Here I am, going to a restaurant to wait tables. Again, I get off at this station in midtown Manhattan. I am just a waitress and undocumented alien, not an artist. I do not create any art work, but I find myself to be artistic. I read once that the artistic act is feminine because of the experience of receiving and bearing. I pass through every day and think about it. I happen to be feminine; I have to say that I am not tough at all. Quietly and sentimentally, I look at the mirror every night before going to sleep. To find some art on my face.
I remember that I was here at the same station years ago, when I had just left Japan for New York. Back then I saw pedestrians going through the station stepping lively and with purpose. I saw the crowd of people moving away from me as if I were standing at a beach and feeling the sand moving away with the ocean waves, while I was holding the sand under my feet. At the time, it was of the greatest importance that I would be famous with regard to something my parents did not understand, though I did not know what I wanted to do. I used to become furious easily, and I hated many people who betrayed a hint of looking down on me. I hated them with a panic as if they were trying to steal a very precious item that I had in my possession. But because of my lack of effort and low spirits, I have remained a waitress. I feel myself becoming less and less ambitious and I no longer believe that I am going to be successful.
When I enter my workplace, I notice that one of the chefs, Mr. Nozaki, has gotten his hair trimmed. The rest of his appearance is exactly the same as the usual Mr. Nozaki waking up from a lunch break nap. But his shorter hair makes me realize that Mr. Nozaki has other life events, like cutting his hair, besides morosely working here. Still, how does he talk to a hair dresser when he cannot even answer a customer who asks in English where the bathroom is? Being alone, dreamless and old, he seems to have the most miserable condition in life, to a woman like me. I am afraid of being unlovely and alone. My image of love is full of shadows in which I try to find light. I wonder if Mr. Nozaki has ever thought about love or about the difference between the dead and the living.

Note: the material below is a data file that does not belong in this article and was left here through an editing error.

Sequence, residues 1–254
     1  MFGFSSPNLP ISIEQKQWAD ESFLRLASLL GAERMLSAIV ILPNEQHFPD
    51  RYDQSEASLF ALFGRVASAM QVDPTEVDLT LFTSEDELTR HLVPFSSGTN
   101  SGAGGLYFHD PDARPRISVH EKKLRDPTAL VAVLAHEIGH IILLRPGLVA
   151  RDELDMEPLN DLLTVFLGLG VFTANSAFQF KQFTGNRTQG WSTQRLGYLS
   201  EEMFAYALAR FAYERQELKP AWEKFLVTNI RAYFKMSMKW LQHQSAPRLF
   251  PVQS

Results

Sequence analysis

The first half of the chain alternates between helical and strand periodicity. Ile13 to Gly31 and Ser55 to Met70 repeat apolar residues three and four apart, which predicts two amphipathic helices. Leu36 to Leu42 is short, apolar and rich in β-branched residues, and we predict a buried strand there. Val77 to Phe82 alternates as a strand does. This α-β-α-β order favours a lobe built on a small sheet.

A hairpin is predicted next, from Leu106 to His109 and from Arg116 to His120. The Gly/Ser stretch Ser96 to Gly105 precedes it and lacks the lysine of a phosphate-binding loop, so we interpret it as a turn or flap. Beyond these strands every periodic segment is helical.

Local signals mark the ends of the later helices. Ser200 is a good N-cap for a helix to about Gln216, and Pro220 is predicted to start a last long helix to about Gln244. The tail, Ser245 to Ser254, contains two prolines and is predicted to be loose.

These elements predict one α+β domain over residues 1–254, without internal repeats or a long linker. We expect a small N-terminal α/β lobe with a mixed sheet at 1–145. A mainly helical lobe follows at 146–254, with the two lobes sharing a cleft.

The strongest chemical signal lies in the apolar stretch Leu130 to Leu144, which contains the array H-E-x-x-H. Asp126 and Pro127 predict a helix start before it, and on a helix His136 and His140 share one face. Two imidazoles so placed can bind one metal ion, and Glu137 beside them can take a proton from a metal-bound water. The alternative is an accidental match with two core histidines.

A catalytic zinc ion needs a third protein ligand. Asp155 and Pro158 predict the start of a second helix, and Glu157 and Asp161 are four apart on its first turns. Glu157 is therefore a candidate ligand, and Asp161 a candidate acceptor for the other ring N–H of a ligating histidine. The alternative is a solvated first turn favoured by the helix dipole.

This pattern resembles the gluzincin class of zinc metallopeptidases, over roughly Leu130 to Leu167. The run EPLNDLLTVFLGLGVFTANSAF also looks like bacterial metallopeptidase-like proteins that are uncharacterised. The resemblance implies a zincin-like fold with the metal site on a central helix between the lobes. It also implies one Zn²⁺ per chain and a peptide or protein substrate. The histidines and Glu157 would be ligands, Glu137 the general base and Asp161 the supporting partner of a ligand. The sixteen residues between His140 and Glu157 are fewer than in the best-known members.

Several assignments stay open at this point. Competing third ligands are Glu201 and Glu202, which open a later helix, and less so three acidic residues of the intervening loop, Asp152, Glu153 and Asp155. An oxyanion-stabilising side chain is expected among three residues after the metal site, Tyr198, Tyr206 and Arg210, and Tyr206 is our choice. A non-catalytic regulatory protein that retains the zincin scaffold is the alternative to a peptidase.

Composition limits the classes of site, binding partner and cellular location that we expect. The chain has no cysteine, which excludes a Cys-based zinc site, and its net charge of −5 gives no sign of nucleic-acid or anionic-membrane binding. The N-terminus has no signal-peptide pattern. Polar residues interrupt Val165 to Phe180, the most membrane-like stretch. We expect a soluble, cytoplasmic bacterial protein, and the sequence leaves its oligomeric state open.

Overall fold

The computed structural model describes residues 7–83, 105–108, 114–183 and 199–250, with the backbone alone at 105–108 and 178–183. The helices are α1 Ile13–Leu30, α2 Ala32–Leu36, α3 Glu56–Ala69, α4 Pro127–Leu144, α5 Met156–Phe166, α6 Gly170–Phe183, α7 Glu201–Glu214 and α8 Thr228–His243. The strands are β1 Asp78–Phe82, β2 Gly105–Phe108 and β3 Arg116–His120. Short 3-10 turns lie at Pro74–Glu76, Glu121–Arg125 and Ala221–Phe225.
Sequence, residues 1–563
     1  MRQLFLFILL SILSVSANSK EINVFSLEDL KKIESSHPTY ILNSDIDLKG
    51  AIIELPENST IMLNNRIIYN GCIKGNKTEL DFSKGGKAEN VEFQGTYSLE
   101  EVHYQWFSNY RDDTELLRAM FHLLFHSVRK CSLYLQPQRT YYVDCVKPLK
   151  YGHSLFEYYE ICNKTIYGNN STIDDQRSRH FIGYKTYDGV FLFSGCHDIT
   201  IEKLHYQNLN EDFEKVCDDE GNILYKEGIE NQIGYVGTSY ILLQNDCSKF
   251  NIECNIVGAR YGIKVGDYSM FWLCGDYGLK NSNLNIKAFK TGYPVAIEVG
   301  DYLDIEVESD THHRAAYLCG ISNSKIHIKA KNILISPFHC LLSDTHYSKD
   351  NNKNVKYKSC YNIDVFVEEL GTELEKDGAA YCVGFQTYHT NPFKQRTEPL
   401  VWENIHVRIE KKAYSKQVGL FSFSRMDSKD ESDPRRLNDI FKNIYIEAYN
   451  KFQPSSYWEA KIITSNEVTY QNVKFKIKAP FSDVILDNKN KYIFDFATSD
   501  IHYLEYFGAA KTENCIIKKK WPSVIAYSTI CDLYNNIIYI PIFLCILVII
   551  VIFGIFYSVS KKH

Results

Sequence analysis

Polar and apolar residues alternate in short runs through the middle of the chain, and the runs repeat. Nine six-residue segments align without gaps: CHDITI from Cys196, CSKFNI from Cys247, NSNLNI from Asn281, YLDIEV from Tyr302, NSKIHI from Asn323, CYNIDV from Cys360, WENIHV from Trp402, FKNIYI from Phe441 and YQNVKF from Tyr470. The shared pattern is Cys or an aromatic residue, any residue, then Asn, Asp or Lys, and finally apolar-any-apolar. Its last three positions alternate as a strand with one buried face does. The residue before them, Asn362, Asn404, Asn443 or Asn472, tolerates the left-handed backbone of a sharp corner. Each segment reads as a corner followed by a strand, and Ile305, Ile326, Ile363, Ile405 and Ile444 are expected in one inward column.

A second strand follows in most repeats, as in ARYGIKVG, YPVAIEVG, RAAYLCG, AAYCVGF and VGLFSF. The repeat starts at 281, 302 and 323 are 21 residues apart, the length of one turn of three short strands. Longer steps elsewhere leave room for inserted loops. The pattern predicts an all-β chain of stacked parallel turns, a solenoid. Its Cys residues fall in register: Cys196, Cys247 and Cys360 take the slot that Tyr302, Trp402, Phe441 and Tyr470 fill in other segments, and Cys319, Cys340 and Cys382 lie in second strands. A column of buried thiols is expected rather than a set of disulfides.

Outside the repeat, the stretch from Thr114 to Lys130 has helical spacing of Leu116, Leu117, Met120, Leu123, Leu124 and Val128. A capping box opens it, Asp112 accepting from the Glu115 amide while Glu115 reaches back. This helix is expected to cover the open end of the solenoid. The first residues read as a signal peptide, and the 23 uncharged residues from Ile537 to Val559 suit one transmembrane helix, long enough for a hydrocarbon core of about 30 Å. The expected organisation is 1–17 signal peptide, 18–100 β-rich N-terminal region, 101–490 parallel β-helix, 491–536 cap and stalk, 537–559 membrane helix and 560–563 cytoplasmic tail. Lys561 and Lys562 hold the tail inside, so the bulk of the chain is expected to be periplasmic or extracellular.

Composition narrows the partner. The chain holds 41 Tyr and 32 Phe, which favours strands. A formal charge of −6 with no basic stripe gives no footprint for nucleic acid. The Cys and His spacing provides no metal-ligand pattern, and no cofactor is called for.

It is Thursday night. Mr. Nozaki is cutting up a whole salmon in a tiny dirty kitchen. The salmon in New York are more pink and fatty than the taut, red ones in Japan. It is cut into pieces by this old Japanese man and three Mexican boys. They are working so closely that their bodies touch in this small kitchen. At first glance, this kitchen looks like a mess, but all the knives, cutting boards, and containers of cut scallions, seaweed or tofu are stored in good order. It is good enough to cook food efficiently. I like this contradiction, that delicious dishes are made out of this messy kitchen. I feel as if I am walking into a lovely store from a littered street when I look at the neat and well-made plate on the kitchen table. The Mexicans and Mr. Nozaki are at the back surrounded by walls with pans and soup ladles hanging on them and looking like they are about to fall down.
“Order please.” When I say this I feel one of the Mexican boys staring at my butt. He must be imagining having sex with me. I think my naked body would be very different from the way he imagines it.
Mr. Nozaki hardly looks up higher than 45 degrees, except when I hang a piece of order paper in front of him. He believes that he needs to behave as coldly as he can when people are around him. His face darkens instinctively. He probably does not think about why he does that. Perhaps for him, people are all too noisy like yellow chicks, chirping a high-pitched noise that he cannot understand. Or maybe people always seem to him to be laughing inappropriately at a solemn funeral, which he is wordlessly attending.
“Tut.” He clicks his tongue quietly, but loudly enough to make me hear.